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This Republican Congressman Just Filed A Bill To Protect State Marijuana Laws

New Attorney General Jeff Sessions is an outspoken opponent of cannabis legalization, but President Trump's top law enforcer might not get a chance to enforce federal prohibition. Yesterday, Rep. Dana Rohrabacher (R - CA) introduced a bill to the House that would officially tell the feds to butt out of state-legalized cannabis industries - recreational as well as medical.

The Respect State Marijuana Rights Act would offer state-legalized cannabis industries more protection than they've ever had before. Right now, the 29 states that have legalized medical marijuana and the 8 that have legalized recreational use are operating in a legal gray area. Since federal prohibition is still in effect nationwide, a rider in the federal budget and an outdated directive from the Obama Administration are the only things preventing the DEA from enforcing cannabis prohibition in states like California, New York and Colorado.

So everyone involved in the industry - from large-scale growers to medical marijuana patients - are vulnerable to prosecution.

But if Congressman Rohrabacher's bill passes, members of those industries will gain legal protection from DEA raids for the first time. And states that oppose cannabis legalization shouldn't mind since the bill wouldn't change anything for them. "For those few States that have thus far maintained a policy of strict prohibition, my bill would change nothing," he said while introducing the bill to the House.

Rohrabacher added that the issue is really a matter of personal liberty. 

"I happen to believe that the Federal Government shouldn't be locking up anyone for making a decision of what he or she should privately consume, whether that person is rich or poor, and we should never be giving people the excuse, especially Federal authorities, that they have a right to stop people or intrude into their lives in order to prevent them and prevent others from smoking a weed, consuming something they personally want to consume."

A Cannabis Crusader

1200px U.S. Congressman Dana Rohrabacher speaking at the 2011 Conservative Political Action Conference CPAC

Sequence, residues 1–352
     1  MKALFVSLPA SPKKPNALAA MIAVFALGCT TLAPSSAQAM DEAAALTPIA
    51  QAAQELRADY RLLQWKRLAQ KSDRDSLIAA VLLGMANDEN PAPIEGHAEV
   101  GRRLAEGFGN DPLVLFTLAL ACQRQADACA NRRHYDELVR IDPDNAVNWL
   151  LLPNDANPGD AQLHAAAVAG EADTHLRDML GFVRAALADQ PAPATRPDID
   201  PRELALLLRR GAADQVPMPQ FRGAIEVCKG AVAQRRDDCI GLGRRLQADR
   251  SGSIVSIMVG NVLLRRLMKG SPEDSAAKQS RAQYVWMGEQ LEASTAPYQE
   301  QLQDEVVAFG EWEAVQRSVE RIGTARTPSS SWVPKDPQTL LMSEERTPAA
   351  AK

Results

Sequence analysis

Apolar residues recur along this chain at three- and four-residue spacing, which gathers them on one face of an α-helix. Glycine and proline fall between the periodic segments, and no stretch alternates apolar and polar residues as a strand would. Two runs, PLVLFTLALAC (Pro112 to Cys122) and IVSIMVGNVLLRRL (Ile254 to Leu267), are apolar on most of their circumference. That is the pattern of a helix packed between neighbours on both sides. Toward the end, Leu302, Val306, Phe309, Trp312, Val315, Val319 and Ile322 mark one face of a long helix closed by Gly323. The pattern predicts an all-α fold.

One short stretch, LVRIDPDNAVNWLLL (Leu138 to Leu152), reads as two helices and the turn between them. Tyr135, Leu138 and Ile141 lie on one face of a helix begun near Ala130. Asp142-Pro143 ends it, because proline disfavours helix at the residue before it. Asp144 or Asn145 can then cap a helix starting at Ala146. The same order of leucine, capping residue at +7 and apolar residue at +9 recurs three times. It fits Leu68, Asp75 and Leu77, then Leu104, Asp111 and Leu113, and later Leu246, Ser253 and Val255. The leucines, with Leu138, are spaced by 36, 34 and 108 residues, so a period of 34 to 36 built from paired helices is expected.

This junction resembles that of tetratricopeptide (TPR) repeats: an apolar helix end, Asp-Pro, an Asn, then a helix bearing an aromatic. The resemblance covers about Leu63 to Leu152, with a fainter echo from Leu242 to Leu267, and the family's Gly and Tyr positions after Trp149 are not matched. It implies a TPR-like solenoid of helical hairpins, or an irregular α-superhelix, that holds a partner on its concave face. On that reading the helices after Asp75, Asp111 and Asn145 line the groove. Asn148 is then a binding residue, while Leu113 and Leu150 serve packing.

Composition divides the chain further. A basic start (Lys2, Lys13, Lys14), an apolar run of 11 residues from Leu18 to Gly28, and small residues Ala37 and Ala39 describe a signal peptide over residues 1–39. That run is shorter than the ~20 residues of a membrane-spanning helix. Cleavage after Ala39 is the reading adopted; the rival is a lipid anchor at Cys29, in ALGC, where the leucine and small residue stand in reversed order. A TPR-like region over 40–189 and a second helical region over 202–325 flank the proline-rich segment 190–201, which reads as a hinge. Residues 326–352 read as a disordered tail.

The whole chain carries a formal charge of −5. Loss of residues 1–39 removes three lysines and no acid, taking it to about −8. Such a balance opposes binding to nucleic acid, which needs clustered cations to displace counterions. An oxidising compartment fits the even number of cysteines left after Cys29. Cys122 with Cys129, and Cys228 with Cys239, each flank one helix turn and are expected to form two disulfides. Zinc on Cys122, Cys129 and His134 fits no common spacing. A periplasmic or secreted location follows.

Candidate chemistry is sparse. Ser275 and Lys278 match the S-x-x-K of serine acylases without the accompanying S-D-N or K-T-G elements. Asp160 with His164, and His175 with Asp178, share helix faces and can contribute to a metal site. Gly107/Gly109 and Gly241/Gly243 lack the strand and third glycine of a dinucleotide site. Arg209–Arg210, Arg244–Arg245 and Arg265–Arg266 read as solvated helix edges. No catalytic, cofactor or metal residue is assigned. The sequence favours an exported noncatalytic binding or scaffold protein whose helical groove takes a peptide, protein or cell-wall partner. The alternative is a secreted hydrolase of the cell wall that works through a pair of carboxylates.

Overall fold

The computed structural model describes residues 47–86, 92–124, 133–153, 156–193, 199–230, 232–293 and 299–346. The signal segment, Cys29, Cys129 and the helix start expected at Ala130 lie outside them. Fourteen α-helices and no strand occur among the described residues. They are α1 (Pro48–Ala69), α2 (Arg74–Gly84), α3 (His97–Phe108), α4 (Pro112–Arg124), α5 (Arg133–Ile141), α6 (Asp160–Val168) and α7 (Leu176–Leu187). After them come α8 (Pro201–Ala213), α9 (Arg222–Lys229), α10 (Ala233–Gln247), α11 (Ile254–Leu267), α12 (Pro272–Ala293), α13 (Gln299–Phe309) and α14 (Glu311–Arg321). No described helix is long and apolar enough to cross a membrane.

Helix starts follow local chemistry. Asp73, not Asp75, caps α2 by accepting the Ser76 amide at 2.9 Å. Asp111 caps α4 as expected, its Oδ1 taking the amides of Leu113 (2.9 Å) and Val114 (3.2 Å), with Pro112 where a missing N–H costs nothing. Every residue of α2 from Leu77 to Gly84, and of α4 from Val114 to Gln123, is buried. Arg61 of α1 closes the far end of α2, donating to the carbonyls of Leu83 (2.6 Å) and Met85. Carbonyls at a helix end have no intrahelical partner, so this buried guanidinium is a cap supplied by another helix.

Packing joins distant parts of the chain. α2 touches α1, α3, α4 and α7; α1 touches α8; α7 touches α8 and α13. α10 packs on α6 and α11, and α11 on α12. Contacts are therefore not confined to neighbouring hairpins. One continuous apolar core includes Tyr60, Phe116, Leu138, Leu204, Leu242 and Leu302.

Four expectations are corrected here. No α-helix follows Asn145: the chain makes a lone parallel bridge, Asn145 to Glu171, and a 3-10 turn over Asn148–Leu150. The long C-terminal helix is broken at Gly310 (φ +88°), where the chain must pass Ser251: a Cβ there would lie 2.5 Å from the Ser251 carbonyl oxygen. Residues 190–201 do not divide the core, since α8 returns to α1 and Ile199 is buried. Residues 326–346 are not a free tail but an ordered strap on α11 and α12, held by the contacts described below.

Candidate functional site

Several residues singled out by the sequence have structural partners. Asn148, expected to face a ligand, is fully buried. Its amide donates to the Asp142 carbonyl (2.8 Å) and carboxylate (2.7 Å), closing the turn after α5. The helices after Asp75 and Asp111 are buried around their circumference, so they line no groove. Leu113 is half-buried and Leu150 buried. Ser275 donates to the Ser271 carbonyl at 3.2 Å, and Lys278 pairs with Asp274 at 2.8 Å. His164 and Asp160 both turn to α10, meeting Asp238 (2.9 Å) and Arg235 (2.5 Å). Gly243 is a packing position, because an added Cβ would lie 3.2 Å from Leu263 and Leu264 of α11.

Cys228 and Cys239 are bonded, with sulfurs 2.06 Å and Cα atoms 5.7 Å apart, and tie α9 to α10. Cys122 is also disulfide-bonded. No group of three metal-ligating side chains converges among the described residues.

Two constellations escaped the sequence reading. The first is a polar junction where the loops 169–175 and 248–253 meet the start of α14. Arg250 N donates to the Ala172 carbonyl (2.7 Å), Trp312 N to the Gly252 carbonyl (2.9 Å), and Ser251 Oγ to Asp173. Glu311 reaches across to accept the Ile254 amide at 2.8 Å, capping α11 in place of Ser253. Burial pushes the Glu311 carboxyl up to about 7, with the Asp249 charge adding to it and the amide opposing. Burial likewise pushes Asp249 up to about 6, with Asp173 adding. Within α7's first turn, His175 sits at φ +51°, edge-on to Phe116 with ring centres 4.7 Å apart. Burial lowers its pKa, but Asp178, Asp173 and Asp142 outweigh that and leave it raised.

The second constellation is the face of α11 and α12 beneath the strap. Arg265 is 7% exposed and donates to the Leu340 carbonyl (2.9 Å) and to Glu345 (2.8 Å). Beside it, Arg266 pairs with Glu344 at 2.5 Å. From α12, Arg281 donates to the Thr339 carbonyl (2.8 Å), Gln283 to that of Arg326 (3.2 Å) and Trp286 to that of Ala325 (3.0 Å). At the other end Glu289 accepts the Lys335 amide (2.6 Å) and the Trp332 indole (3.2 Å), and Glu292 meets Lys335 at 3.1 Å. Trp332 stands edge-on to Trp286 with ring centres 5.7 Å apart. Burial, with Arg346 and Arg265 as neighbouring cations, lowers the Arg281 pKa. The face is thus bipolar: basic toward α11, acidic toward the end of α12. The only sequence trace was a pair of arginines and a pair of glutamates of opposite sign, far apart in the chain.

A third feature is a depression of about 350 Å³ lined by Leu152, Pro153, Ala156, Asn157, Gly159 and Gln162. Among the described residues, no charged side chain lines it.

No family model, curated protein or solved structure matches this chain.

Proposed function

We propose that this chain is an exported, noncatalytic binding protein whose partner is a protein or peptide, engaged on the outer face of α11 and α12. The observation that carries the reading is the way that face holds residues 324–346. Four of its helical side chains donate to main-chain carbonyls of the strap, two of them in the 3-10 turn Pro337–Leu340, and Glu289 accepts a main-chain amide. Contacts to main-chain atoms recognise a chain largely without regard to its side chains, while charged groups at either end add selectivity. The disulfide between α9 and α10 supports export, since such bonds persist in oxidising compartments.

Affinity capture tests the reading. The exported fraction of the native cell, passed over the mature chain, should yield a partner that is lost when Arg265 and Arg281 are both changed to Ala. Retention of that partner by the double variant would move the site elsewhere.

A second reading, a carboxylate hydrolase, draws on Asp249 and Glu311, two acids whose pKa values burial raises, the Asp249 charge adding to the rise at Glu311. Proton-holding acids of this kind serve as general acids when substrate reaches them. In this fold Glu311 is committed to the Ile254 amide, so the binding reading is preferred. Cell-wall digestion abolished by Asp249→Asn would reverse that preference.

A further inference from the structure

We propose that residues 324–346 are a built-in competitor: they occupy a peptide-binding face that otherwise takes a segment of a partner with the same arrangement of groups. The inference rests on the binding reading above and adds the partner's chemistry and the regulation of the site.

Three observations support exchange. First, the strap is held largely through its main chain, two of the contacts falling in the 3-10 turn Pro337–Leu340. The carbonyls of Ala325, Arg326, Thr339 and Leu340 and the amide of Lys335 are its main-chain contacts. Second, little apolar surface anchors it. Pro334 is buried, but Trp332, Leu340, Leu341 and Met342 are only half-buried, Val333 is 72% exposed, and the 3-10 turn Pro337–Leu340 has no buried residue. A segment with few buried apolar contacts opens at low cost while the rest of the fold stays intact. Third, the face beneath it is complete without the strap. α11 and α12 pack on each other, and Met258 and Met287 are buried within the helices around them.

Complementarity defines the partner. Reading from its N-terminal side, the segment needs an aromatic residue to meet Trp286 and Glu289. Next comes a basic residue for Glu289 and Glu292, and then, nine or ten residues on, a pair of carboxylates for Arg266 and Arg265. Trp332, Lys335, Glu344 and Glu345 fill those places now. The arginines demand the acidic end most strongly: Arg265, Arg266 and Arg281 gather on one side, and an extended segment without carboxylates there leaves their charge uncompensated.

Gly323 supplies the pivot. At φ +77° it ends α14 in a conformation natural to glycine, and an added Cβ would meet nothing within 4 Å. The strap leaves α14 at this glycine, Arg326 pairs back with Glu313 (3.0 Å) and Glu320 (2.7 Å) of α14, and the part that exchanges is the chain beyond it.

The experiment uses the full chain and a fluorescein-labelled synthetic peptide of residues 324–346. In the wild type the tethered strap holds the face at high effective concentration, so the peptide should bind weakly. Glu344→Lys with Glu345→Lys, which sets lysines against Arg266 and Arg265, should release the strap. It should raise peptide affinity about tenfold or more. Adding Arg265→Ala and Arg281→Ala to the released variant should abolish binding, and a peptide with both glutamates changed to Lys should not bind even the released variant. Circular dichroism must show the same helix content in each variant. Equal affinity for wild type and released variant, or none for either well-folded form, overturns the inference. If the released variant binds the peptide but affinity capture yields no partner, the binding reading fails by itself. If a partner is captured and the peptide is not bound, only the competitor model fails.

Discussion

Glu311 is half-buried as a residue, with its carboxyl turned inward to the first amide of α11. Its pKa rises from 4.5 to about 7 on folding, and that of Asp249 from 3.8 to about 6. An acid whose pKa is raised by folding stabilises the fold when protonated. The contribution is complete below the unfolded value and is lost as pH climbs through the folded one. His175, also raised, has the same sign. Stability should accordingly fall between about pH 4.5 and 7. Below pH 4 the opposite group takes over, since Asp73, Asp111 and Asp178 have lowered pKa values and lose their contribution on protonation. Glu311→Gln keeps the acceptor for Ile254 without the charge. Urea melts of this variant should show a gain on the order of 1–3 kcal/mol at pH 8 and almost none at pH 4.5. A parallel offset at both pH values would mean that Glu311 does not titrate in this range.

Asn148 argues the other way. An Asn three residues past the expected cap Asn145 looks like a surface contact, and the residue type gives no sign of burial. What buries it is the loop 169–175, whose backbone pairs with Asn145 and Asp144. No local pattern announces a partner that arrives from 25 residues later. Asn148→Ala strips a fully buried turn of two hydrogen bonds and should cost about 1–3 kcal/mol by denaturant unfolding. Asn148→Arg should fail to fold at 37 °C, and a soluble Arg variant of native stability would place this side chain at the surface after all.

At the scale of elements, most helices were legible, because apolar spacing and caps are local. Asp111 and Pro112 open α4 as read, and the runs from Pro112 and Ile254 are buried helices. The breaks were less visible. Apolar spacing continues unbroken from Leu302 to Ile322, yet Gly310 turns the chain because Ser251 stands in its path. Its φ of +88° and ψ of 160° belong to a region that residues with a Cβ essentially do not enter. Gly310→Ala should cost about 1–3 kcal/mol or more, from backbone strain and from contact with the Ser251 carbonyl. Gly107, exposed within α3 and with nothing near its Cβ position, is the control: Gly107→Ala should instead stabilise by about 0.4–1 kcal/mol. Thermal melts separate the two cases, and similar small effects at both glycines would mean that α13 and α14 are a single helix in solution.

Congressman Rohrabacher speaking at the 2011 Conservative Political Action Conference (CPAC)

This isn't the first time Rohrabacher has introduced such a bill. He submitted almost identical legislation to Congress in 2013 and 2015. But things are different this time around. Rohrabacher is part of a new Cannabis Caucus in Congress, a bipartisan group of representatives dedicated to advancing marijuana reform at the federal level, which has lagged behind the states for decades. (For instance, the federal government still defines cannabis as a substance that's as dangerous as heroin.)

Rohrabacher also has some sway in the White House. He is an outspoken support of President Trump, and he was even once considered a dark-horse candidate for secretary of state before The Donald tapped former ExxonMobil CEO Rex Tillerson for the job. Of course, that doesn't mean that the bill is a done deal, but it might help get state cannabis rights signed into law if the legislation makes its way to Trump's desk.

And Rohrabacher isn't afraid to put his career on the line when it comes to cannabis. Last year, he became the first sitting congressperson to come out of the cannabis closet. On May 24, he told a crowd of marijuana reformers gathered on Capital Hill that he recently used a cannabis topical to treat his arthritis. 

"It's a candle," said the former speechwriter for President Reagan. "And you light the candle. And a wax is in there. And it melts down. And you rub it on whatever you've got problems with. And you know what: I tried it about two weeks ago. And it's the first time in a year and a half that I had a decent night's sleep because the arthritis pain was gone."

Hopefully he'll also help America make the pains of cannabis prohibition go away.

h/t MassRoots, The Cannabist

Banner image: Congressman Rohrabacher speaking at the 2016 Young Americans for Liberty California State Convention. (


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